Books: Clean Code, Chapters 9-12

January 21, 2018

Chapter 9: Unit Tests

The essentials of TDD:

First Law: You may not write production code until you have written a failing unit test.

Second Law: You may not write more of a unit test than is sufficient to fail, and not compiling is failing.

Third Law: You may not write more production code than is sufficient to pass the currently failing test.

The problem is that a massive amount of unit testing can be just as bad as no testing if the tests themselves are not written cleanly, and we tend to look at test code as good if it passes regardless of its structure. The tests will change as we write more code, so you're creating more tech debt by writing dirty test code.

Test code is just as important as production code.

I agree with this:

Readability is perhaps even more important in unit tests than it is in production code.

Very important to follow an explicit, clean, readable pattern, without any shortcuts. Following Arrange/Act/Assert (or Build/Operate/Check, both of which are implementations of Given/When/Then) pattern:

  1. Arrange: stage data & set expected result variables
  2. Act: execute the production code we're testing
  3. Assert: run your assertions (Hamcrest++) against your expectations

This should make any test code I write simple for the reader to understand and modify to their needs. If the arrange step is repeated across methods, extract that to a helper. Easy and clear.

They proceed to show code I would describe as "fine" and refactor it with explicit, expressive helper methods to make it even clearer. I will consider doing this in the future.

Test a single concept in each test function.

They recommend this over "one assert per function" which I agree with. Sometimes it makes more sense, to me, to have several asserts to test all angles of the same concept. One assert per function is overkill.

Summary concept: F.I.R.S.T

  • Fast Tests should run quickly. This translates to following the test pyramid framework of a large number of unit tests, smaller number of integration, even smaller number of acceptance.
  • Independent Test should not depend on each other; they should be able to run in any random order and pass.
  • Repeatable Tests should be able to run in any environment with the same results.
  • Self-Validating Tests should either pass or fail, not output to a log and require manual checking.
  • Timely The tests should be written just before the production code that makes them pass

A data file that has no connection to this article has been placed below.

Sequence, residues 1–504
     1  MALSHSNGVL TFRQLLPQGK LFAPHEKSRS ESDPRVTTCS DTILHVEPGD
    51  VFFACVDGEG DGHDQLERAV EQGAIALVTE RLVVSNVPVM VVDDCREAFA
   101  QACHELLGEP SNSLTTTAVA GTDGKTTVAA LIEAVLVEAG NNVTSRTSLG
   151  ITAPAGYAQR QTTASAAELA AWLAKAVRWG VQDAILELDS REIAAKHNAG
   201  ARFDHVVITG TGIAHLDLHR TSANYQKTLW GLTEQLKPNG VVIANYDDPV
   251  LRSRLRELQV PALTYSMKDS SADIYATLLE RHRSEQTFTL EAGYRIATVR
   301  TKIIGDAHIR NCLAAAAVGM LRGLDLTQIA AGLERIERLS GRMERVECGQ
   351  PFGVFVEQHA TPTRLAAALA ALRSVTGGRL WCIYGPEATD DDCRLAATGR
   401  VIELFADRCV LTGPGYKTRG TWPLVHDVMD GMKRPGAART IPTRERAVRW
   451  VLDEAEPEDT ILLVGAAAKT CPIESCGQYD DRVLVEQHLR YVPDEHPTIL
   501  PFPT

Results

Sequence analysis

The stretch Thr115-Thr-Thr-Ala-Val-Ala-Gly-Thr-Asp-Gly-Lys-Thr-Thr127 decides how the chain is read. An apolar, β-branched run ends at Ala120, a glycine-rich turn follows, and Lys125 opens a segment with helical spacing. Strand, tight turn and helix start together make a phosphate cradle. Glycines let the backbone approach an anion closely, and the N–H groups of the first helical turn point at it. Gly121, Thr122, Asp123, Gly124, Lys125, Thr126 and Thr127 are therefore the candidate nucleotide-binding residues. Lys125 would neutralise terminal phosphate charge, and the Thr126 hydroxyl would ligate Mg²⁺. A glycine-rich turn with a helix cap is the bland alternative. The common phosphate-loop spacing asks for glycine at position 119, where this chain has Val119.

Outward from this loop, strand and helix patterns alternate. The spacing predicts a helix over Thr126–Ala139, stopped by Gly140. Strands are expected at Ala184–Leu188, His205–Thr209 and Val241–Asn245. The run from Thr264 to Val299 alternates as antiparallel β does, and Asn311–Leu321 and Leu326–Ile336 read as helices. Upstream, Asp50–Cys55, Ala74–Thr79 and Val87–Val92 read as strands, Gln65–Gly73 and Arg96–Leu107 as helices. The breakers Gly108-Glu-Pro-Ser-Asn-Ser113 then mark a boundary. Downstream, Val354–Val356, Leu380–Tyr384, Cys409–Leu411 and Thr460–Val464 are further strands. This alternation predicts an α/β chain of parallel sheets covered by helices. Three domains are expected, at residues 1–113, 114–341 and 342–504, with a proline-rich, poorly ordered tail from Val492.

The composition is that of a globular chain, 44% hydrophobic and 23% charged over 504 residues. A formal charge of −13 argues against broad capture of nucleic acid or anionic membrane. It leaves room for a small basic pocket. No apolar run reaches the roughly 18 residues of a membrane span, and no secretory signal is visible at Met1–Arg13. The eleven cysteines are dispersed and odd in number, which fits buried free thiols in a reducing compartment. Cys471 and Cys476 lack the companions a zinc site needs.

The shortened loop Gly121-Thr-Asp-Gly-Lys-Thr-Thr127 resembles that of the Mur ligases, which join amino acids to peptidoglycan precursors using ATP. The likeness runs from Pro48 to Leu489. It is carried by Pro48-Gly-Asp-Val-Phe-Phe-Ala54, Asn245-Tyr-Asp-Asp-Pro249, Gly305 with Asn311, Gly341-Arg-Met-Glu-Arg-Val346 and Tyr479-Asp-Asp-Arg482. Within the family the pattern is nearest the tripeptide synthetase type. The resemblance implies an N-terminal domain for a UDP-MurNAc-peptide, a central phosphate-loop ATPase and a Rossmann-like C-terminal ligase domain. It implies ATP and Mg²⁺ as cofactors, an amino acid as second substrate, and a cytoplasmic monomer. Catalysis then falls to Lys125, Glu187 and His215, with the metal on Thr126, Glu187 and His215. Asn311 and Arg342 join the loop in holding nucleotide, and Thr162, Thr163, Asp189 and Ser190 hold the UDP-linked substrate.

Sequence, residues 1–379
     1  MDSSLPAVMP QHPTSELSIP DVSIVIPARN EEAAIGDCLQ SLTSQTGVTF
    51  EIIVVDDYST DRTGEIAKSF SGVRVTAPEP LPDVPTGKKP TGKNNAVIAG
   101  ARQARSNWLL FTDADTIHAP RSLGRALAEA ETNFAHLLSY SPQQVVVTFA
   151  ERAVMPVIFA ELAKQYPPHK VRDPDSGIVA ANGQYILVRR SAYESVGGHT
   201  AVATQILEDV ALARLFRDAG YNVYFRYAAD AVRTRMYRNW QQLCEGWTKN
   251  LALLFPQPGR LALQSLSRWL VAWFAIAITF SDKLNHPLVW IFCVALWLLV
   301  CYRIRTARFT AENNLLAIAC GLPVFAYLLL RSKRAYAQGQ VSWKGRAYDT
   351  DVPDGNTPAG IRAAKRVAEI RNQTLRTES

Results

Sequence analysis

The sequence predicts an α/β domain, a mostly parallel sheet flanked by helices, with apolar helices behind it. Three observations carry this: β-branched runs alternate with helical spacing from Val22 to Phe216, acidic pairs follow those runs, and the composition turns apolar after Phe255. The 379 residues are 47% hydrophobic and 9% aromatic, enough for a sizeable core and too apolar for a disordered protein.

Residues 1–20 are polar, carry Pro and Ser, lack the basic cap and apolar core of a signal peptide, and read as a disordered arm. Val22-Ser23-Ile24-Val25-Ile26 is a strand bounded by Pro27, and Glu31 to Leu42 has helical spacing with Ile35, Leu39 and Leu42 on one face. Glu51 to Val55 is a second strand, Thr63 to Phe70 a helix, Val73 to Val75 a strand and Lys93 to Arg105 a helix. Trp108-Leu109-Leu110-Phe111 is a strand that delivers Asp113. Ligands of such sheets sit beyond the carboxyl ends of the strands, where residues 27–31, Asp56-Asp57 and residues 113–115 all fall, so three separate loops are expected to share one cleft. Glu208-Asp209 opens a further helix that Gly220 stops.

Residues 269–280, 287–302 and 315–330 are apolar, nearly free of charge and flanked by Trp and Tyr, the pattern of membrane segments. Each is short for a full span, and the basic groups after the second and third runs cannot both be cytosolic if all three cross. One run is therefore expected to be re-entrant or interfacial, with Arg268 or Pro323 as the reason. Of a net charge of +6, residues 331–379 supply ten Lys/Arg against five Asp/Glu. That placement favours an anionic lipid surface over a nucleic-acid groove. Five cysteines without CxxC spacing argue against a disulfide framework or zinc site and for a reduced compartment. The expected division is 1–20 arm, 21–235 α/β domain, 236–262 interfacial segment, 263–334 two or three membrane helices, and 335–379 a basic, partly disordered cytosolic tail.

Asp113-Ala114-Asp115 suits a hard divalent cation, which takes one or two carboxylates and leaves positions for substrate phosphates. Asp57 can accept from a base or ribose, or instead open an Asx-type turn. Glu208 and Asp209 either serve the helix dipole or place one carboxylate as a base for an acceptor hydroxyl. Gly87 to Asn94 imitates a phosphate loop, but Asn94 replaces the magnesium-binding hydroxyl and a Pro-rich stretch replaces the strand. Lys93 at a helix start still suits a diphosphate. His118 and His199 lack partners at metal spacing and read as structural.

If you let your tests rot, then your code will rot too.

Chapter 10: Classes

Classes should be small, measured not by number of lines but number of responsibilities. Five methods may seem small but not if it spans a wide area of concern.

If we cannot derive a concise name for a class, then it's likely too large. The more ambiguous the class name, the more likely it has too many responsibilities.

We should also be able to write a brief description of the class in about 25 words without using the words if / and / or / but.

Boils down to Single Responsibility Principle.

Getting software to work and making software clean are two very different activites.

We need to get away from the idea that clean code even can be written from the start. We will meander around and come up with six different ways of solving the problem first. Once it works, then we find a way to make it pretty. Writing a book is a different skill than editing/proofreading one.

Eliminate ever changing parameter lists by promoting variables to class level; if several methods share the same variables that are never used by other methods, good sign you have a class that can be extracted.

This is especially true in Python as convention allows several classes per module. Why not make use of the increased flexibility?

We want to structure our systems so that we muck with them as little as possible when we update them with new or changed features.

Chapter 11: Systems

Programs are like cities: they start small and build up as the population increases and services are needed. You wouldn't have a metropolitan infrastructure for a small town, and a metropolis can't survive without many essential services like mass transit. So they are constructed as needs arise.

It is a myth that we can get systems "right the first time." Instead, we should implement only today's stories, then refactor and expand the system to implement new stories tomorrow.

Agile! Likewise, systems can grow easily if separation of concerns is proper.

Side note: A lot of this chapter is specific to Java, poorly written/explained or just relatively boring.

Chapter 12: Emergence

Kent Beck's rules of simple design: (in order of importance)

  1. Runs all the tests
  2. Contains no duplication
  3. Expresses the intent of the programmer
  4. Minimizes the number of classes and methods

First do step 1, then steps 2-4 until satisfied.

Side note: I'd love to see more examples comprised of real world objects/concepts instead of abstract math stuff.

EXPRESSIVE is going to be my keyword for 2018. Make the code obvious, easy to read. Like a YA novel.

Well-written unit tests are expressive. A primary goal of tests is to document by example.

All too often we get our code working and then move on to the next problem without giving sufficient thought to making that code easy for the next person to read.

Finally, even though abstraction can be beautiful, it shouldn't be everywhere. 2 line functions are nice but 20 line functions can work well too. Don't abstract yourself into 10 unnecessary additional classes and functions.